by Scott Sadil
It should come as no surprise to anyone here that there are few things I enjoy more in fishing than hiking into a designated National Forest wilderness area and casting about for wild native trout.
The fish are often plentiful and, at times, a wee bit stupid – if only because they’re so eager to attack an oversized dry fly, a big Humpy, say, or hopper, a playfully brazen offering for fish that will rarely pass the twelve-inch mark that I refresh with a Sharpie each spring on my copper-tipped wading staff.
Yet way out West, where wildfires have ravaged so many wilderness forests in recent summers, there’s a new wrinkle to this kind of low-key sport. If you haven’t strapped on a pack and been out there for awhile, you may not have heard: many wilderness areas, left to recover on their own following naturally-occurring lightning-ignited fires, are now crisscrossed by countless miles of all but impassable trails.
I’m not complaining. But it’s a startling change when you discover that a 30-mile river trail, long used by hikers and anglers alike, has been swallowed by overhead grasses and shrubbery, a refreshed understory invigorated by sunlight no longer blocked by forest canopy. And where the snags or fire-killed trees have fallen, you find your way blocked time and again, needing to resort to detours that often leave you, at best, in a maze of half-formed paths from others who have found themselves stymied by one obstacle or the next.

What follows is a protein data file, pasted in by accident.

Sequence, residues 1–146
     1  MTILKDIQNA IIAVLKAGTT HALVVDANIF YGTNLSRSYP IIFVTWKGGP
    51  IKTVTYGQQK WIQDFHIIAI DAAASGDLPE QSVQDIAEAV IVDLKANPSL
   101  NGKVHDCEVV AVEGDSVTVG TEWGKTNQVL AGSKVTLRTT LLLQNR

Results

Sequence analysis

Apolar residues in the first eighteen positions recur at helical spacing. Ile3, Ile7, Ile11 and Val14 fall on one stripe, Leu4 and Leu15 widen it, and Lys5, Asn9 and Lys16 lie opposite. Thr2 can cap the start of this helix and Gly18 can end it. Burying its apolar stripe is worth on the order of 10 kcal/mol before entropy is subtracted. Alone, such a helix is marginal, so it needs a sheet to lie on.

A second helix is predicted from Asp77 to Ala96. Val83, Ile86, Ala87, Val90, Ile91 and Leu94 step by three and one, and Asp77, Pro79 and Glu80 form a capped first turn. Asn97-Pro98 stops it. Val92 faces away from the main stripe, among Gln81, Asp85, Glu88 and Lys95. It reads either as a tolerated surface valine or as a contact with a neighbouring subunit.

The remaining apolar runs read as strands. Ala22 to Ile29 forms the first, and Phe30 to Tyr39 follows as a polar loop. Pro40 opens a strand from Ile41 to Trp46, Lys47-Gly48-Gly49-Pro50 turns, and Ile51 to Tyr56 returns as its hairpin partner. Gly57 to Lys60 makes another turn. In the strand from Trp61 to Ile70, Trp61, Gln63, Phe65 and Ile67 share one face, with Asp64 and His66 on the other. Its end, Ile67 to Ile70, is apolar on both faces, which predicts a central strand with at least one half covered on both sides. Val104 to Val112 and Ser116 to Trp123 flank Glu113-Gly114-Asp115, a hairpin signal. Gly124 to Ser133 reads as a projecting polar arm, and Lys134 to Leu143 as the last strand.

It’s a complex problem. Management policies prohibit use of chainsaws and other power tools within wilderness boundaries. Volunteer groups often pitch in, but the scope of the work is such that miles and miles of trail are essentially abandoned. Have you been on the end of a crosscut saw lately? And after you finish removing a hip-wide section from a fallen, charcoal-black Douglas fir, 30 inches in diameter, share with me, please, the language you use when winds from the next afternoon’s thunderstorm topple two more trees directly alongside where you managed your nifty bit of woodspersonship over many long hours the previous day.
The good news, of course, is that no trout anywhere has ever seemed to mind that angler access to river or stream has been severely restricted or even denied. Granted, trout aren’t happy when the shade of riparian forest is obliterated by fire; on the other hand, the new understory provides its own bankside shadows and protection, as well as habitat for hatched aquatic insects and streamside terrestrials.
And if anyone tells you there’s anything that improves a mountain trout stream more than big woody debris, especially fallen old-growth trees, he or she is probably linked somehow to the promises of hatcheries – or some other management philosophy that argues human intervention able to outwit the sublime dexterity of nature.
It’s my guess that wilderness trout don’t like wildfires any more than you or I do. But they’ve been through it before. It may take a goodly while for things to resemble what we’ve known in the past. Or we may have entered a new phase, different, as in our own lives, than any that’s preceded it.
But if the trout still rise to a size 6 Hopper, how bad can it be?
Gray’s angling editor Scott Sadil knocks on wood every time he heads into a wilderness area with a pack strapped to his aging back.